Figure 1. TRAIL signaling pathway. (A) Apoptosis pathway. Activation of DR4 and DR5 by TRAIL induces the extrinsic apoptosis pathway (left). The intrinsic pathway (right) is activated by a variety of stimuli and leads to release of proapoptotic proteins from the mitochondria. The two pathways interact as caspase-8 activated by the DRs can cleave BID which then activates the intrinsic pathway, and conversely, caspase-3 can cleave and activate caspase-8 in a feedback loop, thus amplifying the apoptotic signal. (B) TRAIL-mediated NF-kB/MAPK pathways. Anti- or pro-survival mechanisms appear to be context dependent. (C) TRAIL-mediated necroptosis pathway. (D) Crosstalk between TRAIL pathway and autophagy. APAF1, Apoptotic protease activating factor 1; DD, death domain; DED, death effector domain; DISC, death-inducing signaling complex; FADD, Fas-associated death domain protein; FLIP (FLICE [FADD-like IL-1β-converting enzyme]-inhibitory protein); MOMP, mitochondrial outer membrane permeabilization; SMAC, second mitochondrial activator of caspases; XIAP, X-linked inhibitor of apoptosis. TRAF2, TNF receptor-associated factor 2; NEMO, NF-kappa-B essential modulator; TRADD, Tumor necrosis factor receptor type 1-associated DEATH domain protein; NF-κB, nuclear factor-κB; MAPK, mitogen-activated protein kinase; MLKL, mixed-lineage kinase domain-like protein; ATG, Autophagy-related protein; LC3, Microtubule-associated proteins 1A/1B light chain 3; IAP: inhibitor of apoptosis. Figures were created with (accessed on 8 November 2022).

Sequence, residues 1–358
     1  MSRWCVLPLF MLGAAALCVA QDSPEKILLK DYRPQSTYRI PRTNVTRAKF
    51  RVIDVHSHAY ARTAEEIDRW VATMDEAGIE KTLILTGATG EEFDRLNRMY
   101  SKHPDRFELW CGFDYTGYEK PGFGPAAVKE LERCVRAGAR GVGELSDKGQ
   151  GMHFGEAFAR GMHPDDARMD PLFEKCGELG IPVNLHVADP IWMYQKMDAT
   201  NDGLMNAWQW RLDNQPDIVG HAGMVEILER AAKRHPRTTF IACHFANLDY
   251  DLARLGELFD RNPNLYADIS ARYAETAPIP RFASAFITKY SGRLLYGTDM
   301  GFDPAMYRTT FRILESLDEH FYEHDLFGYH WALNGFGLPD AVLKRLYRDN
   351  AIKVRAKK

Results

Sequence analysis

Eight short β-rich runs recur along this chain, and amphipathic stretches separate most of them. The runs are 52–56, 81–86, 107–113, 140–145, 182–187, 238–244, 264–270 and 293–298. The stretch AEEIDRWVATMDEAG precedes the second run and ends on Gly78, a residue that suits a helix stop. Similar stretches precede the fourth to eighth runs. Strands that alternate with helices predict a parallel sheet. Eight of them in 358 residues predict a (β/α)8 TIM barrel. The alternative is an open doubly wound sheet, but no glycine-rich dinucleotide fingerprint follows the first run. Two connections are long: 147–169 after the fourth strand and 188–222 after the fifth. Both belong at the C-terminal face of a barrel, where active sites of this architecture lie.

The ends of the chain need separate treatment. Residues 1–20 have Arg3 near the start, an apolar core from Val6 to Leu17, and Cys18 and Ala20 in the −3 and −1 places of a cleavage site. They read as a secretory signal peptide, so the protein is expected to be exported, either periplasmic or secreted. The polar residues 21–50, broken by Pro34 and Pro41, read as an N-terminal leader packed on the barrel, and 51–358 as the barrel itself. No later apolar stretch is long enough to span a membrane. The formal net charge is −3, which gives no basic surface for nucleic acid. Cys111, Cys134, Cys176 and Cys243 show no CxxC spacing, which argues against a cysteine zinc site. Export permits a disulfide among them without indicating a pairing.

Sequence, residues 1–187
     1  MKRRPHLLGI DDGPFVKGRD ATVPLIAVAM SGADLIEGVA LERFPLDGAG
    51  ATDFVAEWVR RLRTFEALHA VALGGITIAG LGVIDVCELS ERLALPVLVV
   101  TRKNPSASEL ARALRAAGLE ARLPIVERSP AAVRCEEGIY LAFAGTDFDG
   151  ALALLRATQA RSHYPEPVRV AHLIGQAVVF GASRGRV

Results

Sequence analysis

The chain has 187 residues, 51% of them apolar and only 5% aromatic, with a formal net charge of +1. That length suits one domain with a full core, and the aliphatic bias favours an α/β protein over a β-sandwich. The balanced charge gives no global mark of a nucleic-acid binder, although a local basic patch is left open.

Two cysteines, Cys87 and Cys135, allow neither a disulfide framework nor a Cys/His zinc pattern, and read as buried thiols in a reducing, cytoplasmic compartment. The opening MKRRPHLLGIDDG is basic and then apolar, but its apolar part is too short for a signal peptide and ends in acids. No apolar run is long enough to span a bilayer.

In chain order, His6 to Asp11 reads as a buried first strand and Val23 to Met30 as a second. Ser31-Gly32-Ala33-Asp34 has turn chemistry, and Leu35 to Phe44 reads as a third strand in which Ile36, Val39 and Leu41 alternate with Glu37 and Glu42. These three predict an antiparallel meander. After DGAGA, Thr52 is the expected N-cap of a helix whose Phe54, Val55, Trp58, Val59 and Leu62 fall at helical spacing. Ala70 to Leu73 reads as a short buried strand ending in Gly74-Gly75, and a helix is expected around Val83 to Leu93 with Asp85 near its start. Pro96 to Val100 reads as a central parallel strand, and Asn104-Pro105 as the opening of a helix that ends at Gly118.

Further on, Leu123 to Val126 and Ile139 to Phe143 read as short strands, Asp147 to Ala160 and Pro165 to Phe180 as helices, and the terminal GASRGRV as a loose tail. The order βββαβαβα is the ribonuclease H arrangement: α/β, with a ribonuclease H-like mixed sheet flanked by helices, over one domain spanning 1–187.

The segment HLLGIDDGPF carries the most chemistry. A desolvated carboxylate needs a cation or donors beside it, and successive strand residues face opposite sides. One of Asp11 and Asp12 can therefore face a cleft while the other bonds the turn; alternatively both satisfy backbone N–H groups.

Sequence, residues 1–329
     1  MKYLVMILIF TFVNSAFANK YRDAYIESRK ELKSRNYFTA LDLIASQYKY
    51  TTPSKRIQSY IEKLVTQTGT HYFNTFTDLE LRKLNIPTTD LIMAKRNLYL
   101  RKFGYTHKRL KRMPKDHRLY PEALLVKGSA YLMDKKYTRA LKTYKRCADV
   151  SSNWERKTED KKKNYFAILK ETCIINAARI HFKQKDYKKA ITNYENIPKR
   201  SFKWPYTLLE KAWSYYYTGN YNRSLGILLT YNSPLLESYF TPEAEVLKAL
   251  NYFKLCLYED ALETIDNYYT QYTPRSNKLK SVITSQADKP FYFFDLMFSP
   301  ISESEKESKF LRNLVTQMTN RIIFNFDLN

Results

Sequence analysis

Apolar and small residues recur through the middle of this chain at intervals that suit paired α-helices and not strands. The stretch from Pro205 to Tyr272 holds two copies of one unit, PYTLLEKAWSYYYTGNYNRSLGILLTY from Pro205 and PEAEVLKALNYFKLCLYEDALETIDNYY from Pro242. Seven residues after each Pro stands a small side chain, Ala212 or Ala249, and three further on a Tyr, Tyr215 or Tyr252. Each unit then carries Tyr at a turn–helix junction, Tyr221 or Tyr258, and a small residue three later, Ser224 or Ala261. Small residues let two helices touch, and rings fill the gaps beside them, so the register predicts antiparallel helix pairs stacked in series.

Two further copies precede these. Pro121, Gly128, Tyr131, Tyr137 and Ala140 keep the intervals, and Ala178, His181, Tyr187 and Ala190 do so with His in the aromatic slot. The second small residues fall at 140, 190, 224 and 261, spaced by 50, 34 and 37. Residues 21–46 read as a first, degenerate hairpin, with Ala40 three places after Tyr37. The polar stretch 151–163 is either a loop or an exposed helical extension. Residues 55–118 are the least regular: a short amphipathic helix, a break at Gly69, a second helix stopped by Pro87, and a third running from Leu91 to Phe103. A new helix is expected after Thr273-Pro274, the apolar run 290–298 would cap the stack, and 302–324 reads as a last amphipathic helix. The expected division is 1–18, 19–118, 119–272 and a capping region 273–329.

2. TRAIL Signaling Pathways

Activation of TRAIL death receptors by their cognate ligands induces apoptosis but as will be described below, under certain circumstances, activation of the TRAIL death receptors can promote growth and in tumors induce metastasis or pro-tumorigenic immune effects. The canonical TRAIL-induced apoptotic signaling pathway is an example of apoptosis mediated through the extrinsic death pathway, which entails activation of cell-surface receptors by a ligand to induce activation of downstream caspases (Figure 1A) [26]. Activation of DR4 and DR5 by TRAIL promotes receptor clustering and formation of the DISC [27]. The adaptor protein, Fas-associated death domain protein (FADD), also contains a death domain (DD) which interacts with the DD of DR4/5 in a homotypic fashion [27]. FADD also contains a death effector domain (DED) which recruits pro-caspases-8 and -10 via a homotypic interaction with DED of the pro-caspases [27]. The forced proximity of the pro-caspases-8 and -10 at the DISC leads to auto-processing of the pro-caspases [27], resulting in an active tetramer of two large and small subunits [27]. This results in activation of downstream caspases such as caspase-3 or -7, ultimately inducing apoptosis. FLIP (FLICE [FADD-like IL-1β-converting enzyme]-inhibitory protein), a negative regulator of the TRAIL pathway, is structurally related to pro-caspases-8 and -10 with N-terminal DED domains, and a C-terminal caspase-like domain, but the catalytic cysteine is replaced by tyrosine, thus rendering it catalytically inactive [28]. FLIP may also be recruited to the DISC, prevent caspase-8 or caspase-10 from interacting with FADD, and thus attenuate the apoptotic signal [27][28].